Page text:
April 24, 2009

Three Easy Steps To Instant Viral Marketing Success

Would you like to author content that spreads like a virus? It's not that difficult, folks! Just follow these three easy steps to instant viral marketing success!
  1. Write great content. Nobody wants to read something boring and dry.
  2. Use a catchy subject line, like "Five easy steps" or "Four easy steps" or "Three easy steps".
  3. Build a loyal following, one that is willing to share your content on micro-blogging sites like Twitter.
Have you ever noticed that this type of content is rampant in the marketing world? Ever wonder why?

I recently tested different writing styles. For instance, this article on Multichannel Cannibalization offered fairly useful insights. Nobody linked to the article.

This article (49 Vital Multichannel Modeling Tips) spread like a rampant, unchecked virus. The content, while absolutely useful, was disorganized and lacked depth or true explanation --- it was a bullet-point filled, connect-the-dots and color-within-the-lines style of writing.

A consultant told me two years ago that "... stop trying to make your readers think, just tell the audience what you want them to do".

Why do you think we respond to the canned, checklist style of writing so much more frequently than we respond to thoughtful essays? Is it true that we marketers don't want to think, that we simply prefer to be told what to do?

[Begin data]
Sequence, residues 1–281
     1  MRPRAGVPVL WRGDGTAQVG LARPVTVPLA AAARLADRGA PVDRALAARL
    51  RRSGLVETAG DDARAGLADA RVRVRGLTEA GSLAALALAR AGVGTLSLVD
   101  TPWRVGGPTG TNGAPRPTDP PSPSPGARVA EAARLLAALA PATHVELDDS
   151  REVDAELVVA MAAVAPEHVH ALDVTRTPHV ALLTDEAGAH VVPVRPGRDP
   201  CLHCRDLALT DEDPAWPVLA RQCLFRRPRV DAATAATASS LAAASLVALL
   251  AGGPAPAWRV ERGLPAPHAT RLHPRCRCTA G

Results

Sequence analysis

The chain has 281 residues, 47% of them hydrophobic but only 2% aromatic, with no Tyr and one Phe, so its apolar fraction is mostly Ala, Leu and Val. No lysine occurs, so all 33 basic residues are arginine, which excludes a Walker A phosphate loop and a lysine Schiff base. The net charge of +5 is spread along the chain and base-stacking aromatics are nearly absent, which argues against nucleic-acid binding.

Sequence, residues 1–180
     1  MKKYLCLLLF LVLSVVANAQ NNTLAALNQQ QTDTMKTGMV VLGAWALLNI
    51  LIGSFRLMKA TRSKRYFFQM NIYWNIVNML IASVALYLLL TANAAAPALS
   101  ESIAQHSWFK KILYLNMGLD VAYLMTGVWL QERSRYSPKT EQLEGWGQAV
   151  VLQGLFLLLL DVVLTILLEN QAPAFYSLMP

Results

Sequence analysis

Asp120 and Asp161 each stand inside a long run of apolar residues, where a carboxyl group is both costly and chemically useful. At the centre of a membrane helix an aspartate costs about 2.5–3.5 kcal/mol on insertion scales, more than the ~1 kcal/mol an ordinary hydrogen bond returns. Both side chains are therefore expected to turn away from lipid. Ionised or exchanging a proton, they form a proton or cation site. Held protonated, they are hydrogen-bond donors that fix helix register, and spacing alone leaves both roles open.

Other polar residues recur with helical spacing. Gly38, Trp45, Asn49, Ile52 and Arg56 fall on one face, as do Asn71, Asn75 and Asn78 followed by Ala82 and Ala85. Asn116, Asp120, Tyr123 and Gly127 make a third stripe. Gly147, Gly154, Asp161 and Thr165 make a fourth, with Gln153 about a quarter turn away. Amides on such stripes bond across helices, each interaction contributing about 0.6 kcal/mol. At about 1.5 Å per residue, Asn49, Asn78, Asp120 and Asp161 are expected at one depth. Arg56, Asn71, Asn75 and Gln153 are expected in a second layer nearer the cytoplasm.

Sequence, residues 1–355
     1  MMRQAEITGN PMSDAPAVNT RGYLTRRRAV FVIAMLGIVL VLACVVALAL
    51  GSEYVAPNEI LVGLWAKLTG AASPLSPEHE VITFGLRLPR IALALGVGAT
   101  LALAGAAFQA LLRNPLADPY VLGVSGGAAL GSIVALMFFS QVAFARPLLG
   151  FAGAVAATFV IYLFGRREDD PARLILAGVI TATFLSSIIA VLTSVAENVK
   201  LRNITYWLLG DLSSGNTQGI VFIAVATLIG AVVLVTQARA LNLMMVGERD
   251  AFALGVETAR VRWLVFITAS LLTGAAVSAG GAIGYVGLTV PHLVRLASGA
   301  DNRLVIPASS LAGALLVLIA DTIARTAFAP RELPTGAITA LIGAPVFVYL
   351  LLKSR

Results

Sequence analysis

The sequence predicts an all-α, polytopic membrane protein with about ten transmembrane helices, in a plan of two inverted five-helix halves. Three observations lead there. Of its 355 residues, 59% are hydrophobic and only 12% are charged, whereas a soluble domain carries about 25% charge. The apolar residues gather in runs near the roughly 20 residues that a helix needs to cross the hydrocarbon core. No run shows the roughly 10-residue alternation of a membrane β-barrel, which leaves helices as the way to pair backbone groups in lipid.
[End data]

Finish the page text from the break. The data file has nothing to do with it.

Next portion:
5 comments:

  1. Critical thinking today does not get the respect it deserves. Speed is more important than truth and breadth of thought trumps depth.

    Real knowledge take discipline. But winning a following and popularity lead us to shallowness.

    Make the readings brief and easy to follow. Doing so increases readership and entertainment value.

    We all long for simplicity and ease. That true in America more so than any other country in my opinion.

    So yes, the 1,2,3 listings do get more attention because it fools us into believing we have found something that has real value.

    Such listings imply completeness and promise to make us the expert we long for without putting in the required sweat we know real learning requires.

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  2. As Ted noted, (and as you've hinted at in the past) actionable information is the rule of the day for blog posts... and analysis.

    Dr. Jakob Nielsen's usability studies (at UseIt.com) and information architecture research are a great read for some hard statistics on how users interact with sites - many implications for creating catchy content - suggest that lists lend heavily to the user's perception of actionable simplicity and value.

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  3. I like the last sentence, Ted.

    Zak, thanks for your feedback and the link.

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  4. Bazily11:47 PM

    I get the feeling that most don't dedicate the time to in-depth study because they're on a computer connected to email, twitter, and 40 other things. I've found that if you want somebody to read something that requires critical thinking, print it out and hand it to them.

    Speaking of reading, here's one you might enjoy:
    http://blogs.harvardbusiness.org/merholz/2009/04/your-customers-lead-a-multicha.html

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  5. Thank you --- the author should be reading about Multichannel Forensics!

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